The cleaner seemed to be taking a long time with this one. Senek groaned; he wanted to be done. The harvest was over, and he would have nothing to show for it: nothing to show for the labor of a lifetime. He just wanted to say he had stuck it out, had finished the job, but this damn rock was holding him up.
He stumbled over to the controls and pushed them up to maximum for a moment. This risked damaging the gem…no, couldn’t do that. There was no point, but still, it was bad practice. He eased the machine off. Fortunately, this seemed to have given it a grip at last, and the rocky crust began to fall away.
Senek was just about to nod off when a chip flew from the stone and a flash of brightest gold shone from within.
He blinked and stared, his heart leaping. It couldn’t be…
His weariness left him at once as the stone was cleared away and more and more of the brilliant gem shone forth. Now it seemed to take only an instant, and the cleaner was finished.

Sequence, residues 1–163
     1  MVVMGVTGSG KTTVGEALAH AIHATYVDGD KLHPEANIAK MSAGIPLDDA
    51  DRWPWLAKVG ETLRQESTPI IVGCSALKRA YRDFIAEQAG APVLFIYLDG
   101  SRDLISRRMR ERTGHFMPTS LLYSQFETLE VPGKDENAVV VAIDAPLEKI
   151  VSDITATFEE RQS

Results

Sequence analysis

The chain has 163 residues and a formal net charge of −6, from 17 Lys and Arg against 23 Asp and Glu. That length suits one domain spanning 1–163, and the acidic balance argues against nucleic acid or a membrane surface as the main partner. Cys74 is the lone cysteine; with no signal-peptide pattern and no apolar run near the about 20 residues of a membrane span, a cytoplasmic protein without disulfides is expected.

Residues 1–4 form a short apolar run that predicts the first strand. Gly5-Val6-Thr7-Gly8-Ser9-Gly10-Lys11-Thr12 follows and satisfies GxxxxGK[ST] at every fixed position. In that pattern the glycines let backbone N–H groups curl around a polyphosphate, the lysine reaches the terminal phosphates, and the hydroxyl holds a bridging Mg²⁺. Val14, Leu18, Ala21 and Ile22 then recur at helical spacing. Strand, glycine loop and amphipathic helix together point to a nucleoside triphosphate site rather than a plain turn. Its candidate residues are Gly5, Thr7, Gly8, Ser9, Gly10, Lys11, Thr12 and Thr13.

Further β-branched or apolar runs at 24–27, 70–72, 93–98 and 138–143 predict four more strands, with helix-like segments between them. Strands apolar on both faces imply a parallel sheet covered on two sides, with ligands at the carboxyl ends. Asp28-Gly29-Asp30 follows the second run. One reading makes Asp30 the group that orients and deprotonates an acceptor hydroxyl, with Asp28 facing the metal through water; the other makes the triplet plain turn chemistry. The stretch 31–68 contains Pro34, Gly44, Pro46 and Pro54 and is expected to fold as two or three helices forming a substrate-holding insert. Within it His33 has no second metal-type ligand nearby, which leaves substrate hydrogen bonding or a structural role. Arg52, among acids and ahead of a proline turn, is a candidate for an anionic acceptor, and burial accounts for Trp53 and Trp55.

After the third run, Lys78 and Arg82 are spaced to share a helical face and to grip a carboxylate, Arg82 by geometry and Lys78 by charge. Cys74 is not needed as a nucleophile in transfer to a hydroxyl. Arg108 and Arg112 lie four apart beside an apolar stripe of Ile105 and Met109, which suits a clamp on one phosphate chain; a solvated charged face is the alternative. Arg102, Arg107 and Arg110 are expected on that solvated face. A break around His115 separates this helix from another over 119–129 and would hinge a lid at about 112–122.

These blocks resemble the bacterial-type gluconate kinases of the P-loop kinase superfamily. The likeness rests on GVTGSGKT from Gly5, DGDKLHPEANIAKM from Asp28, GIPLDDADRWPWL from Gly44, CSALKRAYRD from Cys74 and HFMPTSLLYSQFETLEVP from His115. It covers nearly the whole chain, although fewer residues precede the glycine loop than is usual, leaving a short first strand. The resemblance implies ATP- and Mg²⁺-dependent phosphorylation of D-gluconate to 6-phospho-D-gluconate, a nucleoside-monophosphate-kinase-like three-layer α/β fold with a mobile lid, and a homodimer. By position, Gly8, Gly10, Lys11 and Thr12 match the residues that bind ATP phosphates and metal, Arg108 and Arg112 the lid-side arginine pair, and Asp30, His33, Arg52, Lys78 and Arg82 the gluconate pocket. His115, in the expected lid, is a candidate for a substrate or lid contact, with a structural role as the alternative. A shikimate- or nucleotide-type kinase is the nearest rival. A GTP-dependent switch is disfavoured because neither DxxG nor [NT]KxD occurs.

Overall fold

Senek shut the machine off, removed his helmet, and with trembling hands took the stone from machine.
He had never seen one, but there was nothing else if could possibly be: a Rhea Diamond. Probably the very last one in existence. For untold eons, it had spun around the old farmer of the sky. It had weathered thousands of years of treasure hunters, and had waited to be found, at the last, by this stubborn old man.
Senek held the glorious gem up to the rising light. It was warm, but not hot to the touch, and seemed to vibrate gently in his hand, more like a living thing than anything, and as it caught the light of the last sunrise it flashed and shone with many colors. Not just the colors he knew, but colors he had never seen before; perhaps colors that no one had ever seen. They were his own colors, from his own jewel.
“How about that, Aria?” he said. “Turns out it was a good harvest after all!”
Then, as he gazed at his treasure, the silver of the sky suddenly blazed white: blazed until all was light.
What Senek saw next, no man can say. What the remaining children of men saw from the far-off, newly settled worlds was that Senek and his harvest, together with Earth, Saturn, Jupiter, Mars, and all the other old, familiar worlds, were gone.